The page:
BASIC REPRESENTATION SCORE: -10
FEMALE AGENCY/POWER/AUTHORITY SCORE: 0
[no significant representation of women in authority]
THE MALE GAZE SCORE: -5
GENDER/SEXUALITY SCORE: -20
WILDCARD SCORE: -5
Is there anything either positive or negative in the film’s representation of women not already accounted for here? (points will vary)
The female characters here are all drawn with gendered signifiers — long eyelashes, hair bows, splashes of pink — in ways that the male characters are not, the most ridiculous being the pair of mammalian breasts on a female chicken.
TOTAL SCORE: -40
IS THE FILM’S DIRECTOR FEMALE? No (does not impact scoring)
IS THE FILM’S SCREENWRITER FEMALE? Yes (two of the five writers credited for the English version: Melanie Simka and Jocelyn Wright) (does not impact scoring)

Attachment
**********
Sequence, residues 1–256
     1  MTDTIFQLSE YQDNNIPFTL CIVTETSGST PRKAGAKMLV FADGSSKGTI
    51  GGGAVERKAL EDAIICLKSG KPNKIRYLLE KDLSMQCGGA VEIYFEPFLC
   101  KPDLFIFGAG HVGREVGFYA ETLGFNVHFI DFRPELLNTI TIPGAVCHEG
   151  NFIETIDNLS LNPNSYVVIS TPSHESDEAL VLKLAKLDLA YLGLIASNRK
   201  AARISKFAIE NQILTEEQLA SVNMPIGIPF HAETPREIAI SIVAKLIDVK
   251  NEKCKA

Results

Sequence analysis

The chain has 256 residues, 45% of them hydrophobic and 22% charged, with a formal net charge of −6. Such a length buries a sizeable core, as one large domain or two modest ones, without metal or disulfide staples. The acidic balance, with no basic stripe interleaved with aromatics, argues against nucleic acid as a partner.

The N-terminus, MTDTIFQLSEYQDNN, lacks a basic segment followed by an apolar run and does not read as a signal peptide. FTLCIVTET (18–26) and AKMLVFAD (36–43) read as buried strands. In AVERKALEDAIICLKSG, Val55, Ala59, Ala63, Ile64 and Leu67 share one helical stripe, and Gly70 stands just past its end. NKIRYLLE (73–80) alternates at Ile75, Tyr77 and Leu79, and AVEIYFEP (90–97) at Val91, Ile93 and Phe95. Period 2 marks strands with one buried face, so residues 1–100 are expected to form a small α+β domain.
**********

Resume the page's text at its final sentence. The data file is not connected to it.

BOTTOM LINE: In this male-dominated movie — that is, insidiously, aimed at children and therefore aims to reinforce the misogynist status quo in the minds of impressionable younglings — features a lovestruck female sidekick/love interest for the male protagonist whose name is almost never uttered. His name is mentioned constantly, as other characters talk to him or about him. For the longest time while watching this film, I didn’t even know what her name was, because no one talks to her or about her. Which is an unfortunately perfect metaphor for how most movies treat their female characters.
NOTE: This is not a “review” of Huevos: Little Rooster’s Egg-Cellent Adventure (Un Gallo con Muchos Huevos)! It is simply an examination of how well or how poorly it represents women. (A movie that represents women well can still be a terrible film; a movie that represents women poorly can still be a great film.) Read my review of Huevos: Little Rooster’s Egg-Cellent Adventure (Un Gallo con Muchos Huevos).
See the full rating criteria. (Criteria that do not apply to this film have been deleted in this rating for maximum readability.)
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